Shout out to Claudia for saving the world and all, but what type of drug was she on to accurately hypothesize both the existence of a third world and the birth of her and Eva's worlds as a result of a catastrophic origin event in the third one? For a character who was blown away when discovering that a second world existed, it feels like a stretch that she would land on those ideas. However, Claudia was one of the smartest characters on Dark, and as a person who ran a nuclear power plant and foiled the plans of both Adam and Eva, it’s not really impossible to believe that she could figure a way out of Winden's mess. Similar to the vagueness surrounding the initial interactions between Adam and Eva's worlds, this development is plausible, but not seeing how Claudia reached this conclusion almost makes it feel like a cop-out from the writers.

What does Martha 2 remembering to see Jonas through her closet as a child mean?

One of the more puzzling moments from the series finale came in the moments leading to the resolution of Dark's troublesome triquetra. After preventing the car accident of Tannhaus' family that inspires him to create time travel, Jonas and Martha 2 share some last words. The scene is a splendid farewell to Winden's most infinitely toxic couple, but before they say their final goodbyes, Martha 2 has a revelation that her seeing Jonas through her closet as a child wasn’t a dream after all. Nevertheless, the two cease to exist as time travel is erased from Winden's history.

The only problem -- the young Martha 2 seeing Jonas while he's in-between universes implies that this has happened already, and a loop would mean that this specific coup either causes everything or is ultimately unsuccessful. However, that is simply not the case, so her realization begs the question of whether alternate Jonas and Martha 2 team-ups have previously attempted this mission as well. Processing the true answer to this question is likely too overbearing, so it's probably better that Odar and Friese kept that one close to their chests.

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Is the origin world truly spared from destruction?

Call it what you want, but the closing scene of Dark was eerie as fuck. In the origin world, the group of characters who existed outside of the infinite incestuous bloodlines in both Adam and Eva's worlds convene for dinner. A familiar occurrence hilariously interrupts the long-awaited reveal of what happened to Wöller's eye when the lights in the house flicker until the power fails. Then, a pregnant Hannah -- who is surviving and thriving in the origin world -- stares ominously at a yellow raincoat reminiscent of Jonas's and reveals that she feels like she experienced the current moment before, but last time it ended with the destruction of Winden. As the lights come back on, everyone shrugs it off, and Hannah reveals that she's thinking of naming her unborn child Jonas.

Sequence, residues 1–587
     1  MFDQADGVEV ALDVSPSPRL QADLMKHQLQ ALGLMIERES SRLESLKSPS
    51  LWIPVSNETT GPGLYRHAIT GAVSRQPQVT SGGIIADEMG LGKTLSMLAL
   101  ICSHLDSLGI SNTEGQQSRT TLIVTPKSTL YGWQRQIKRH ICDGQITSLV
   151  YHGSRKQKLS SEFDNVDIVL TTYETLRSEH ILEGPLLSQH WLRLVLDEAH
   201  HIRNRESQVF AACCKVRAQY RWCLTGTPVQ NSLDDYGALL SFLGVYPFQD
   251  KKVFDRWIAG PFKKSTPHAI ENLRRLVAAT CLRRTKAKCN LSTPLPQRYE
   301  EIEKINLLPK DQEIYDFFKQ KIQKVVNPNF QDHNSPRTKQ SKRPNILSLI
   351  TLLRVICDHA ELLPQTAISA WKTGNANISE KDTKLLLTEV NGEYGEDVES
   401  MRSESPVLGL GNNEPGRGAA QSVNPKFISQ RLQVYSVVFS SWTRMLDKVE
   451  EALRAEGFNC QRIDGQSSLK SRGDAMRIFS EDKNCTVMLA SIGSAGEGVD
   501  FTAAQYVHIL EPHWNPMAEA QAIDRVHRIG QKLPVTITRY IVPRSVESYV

While the moment can be interpreted as a bittersweet ending for the viewer and a hopeful beginning for the origin world, it can also be seen as a seriously grave omen. For one, the Claudia from Adam's world was very vocal about the fact that both Jonas and Martha should never have existed, so that's a major red flag. Also coupled with the fact that Tannhaus could very well have experience another traumatic life event that resulted in him creating time travel and the multiverse -- because instead of killing the clock-maker, Jonas and Martha 2 prevented his calamitous discovery by saving his family -- another loop could still possibly exist in the origin world. Whether that brings you excitement, dread, or sheer confusion, there's no ending more fitting to a show as captivating and intellectually challenging as Dark.

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Joshua Robinson is an Atlanta-based contributor for Thrillist who -- even after finishing Dark -- feels like what he understands is a drop, and what he does not is an ocean.